A Sanitary Kit for Traditional Midwives

Organization: 
University of Nairobi
Organization Location: 
Nairobi, Kenya

In rural Kenyan communities, freelance birth attendants are often called upon to attend to a "home delivery."  Basic issues like a general lack of sterility and hygiene instruments (clean water and a disinfected environment) greatly compromise infection control in such settings making home deliveries truly high-risk processes. Indeed, there have been increasing reports of poor handling of umbilical cord and subsequent infant infections due to use of poorly chosen instruments during delivery.

The goal of this project is to develop a novel set of portable low-cost sanitary technologies that will tackle sanitary challenges in a traditional midwife's ever-changing work environment. This "sanitary kit" will be composed of hydrogel-based disinfectants, light-sterilized clay cord cutters, and solar-sterilized cotton fabric napkins. Use of the kit by birth attendants is expected to achieve substantial impact on preventing maternal and fetal infections and as such will be promoted in rural communities as a new methodological approach to providing high-quality care at the time of birth.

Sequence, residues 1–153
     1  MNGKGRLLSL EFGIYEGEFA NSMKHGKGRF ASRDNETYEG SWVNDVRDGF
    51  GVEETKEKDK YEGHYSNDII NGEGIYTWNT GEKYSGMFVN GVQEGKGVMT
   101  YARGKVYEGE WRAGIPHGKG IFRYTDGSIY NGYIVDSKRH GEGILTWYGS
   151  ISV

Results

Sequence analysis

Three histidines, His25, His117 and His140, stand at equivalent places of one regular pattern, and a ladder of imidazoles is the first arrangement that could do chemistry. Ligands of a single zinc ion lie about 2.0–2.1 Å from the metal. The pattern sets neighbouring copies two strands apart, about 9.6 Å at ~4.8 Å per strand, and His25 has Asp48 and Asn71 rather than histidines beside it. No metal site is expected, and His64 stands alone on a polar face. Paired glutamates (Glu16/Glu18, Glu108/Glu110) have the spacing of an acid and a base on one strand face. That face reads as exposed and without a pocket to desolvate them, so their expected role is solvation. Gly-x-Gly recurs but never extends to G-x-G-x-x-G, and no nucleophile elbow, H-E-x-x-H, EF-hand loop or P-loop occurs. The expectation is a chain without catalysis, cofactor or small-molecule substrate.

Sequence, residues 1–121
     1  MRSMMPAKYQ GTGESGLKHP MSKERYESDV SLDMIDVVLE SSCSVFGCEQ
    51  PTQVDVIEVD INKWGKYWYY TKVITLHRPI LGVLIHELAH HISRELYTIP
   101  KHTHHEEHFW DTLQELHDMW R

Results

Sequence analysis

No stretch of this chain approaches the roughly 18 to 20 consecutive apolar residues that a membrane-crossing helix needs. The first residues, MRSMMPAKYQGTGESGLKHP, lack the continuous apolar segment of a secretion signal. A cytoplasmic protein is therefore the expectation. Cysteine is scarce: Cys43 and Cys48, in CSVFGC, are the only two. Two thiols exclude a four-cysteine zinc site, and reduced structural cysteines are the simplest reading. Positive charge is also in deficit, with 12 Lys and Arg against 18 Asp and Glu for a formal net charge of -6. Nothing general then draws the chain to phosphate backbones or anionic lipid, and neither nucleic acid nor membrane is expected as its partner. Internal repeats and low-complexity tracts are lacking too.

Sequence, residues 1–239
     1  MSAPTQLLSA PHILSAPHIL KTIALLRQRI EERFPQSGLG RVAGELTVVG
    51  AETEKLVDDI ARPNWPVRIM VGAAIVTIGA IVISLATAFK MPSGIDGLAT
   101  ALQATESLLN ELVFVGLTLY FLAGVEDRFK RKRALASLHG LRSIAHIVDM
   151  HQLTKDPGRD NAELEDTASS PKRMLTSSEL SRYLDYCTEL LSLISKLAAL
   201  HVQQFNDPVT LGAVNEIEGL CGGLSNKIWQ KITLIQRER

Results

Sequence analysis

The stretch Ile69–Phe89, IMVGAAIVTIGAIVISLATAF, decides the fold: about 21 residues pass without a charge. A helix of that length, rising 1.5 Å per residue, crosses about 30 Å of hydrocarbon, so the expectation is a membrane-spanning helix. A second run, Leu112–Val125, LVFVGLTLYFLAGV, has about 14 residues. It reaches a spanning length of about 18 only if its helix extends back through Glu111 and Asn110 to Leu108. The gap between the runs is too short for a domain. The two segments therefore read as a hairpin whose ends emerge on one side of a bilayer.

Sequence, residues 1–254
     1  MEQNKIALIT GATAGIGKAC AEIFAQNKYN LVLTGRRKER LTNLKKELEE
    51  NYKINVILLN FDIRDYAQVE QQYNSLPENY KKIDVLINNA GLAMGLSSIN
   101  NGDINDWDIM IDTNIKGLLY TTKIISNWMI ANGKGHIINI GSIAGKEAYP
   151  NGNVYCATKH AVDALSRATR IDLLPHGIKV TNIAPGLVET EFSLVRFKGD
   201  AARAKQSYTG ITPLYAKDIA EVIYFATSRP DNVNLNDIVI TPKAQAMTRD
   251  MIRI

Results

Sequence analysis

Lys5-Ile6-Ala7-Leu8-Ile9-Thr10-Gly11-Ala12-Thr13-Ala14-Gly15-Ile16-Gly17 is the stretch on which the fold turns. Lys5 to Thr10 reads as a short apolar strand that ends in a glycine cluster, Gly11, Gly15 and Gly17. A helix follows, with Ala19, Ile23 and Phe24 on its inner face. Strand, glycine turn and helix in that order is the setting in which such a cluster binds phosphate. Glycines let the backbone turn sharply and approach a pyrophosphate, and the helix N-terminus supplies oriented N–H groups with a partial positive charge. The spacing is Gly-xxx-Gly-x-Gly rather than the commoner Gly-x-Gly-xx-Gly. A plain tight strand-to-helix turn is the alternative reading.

Novelty of the individual sanitary technologies lies in the reformulation of primary natural products (bioactive plant/microbial extracts, clay powders, and cotton fibers) using cutting-edge concepts (synthetic hydrogel polymers, photo-sensitive nanoparticles, and photo-acid generators) to deliver a final product with enhanced efficiency, uptake, acceptability, and sustainable use in low-resource settings.

A clear set of milestones and identifiable deliverables (availability of hydrogel disinfectant, photo-sensitive fabrics and cord cutters for use; social perception and benefits technology) will be used to monitor progress, measure impact and evaluate outcomes.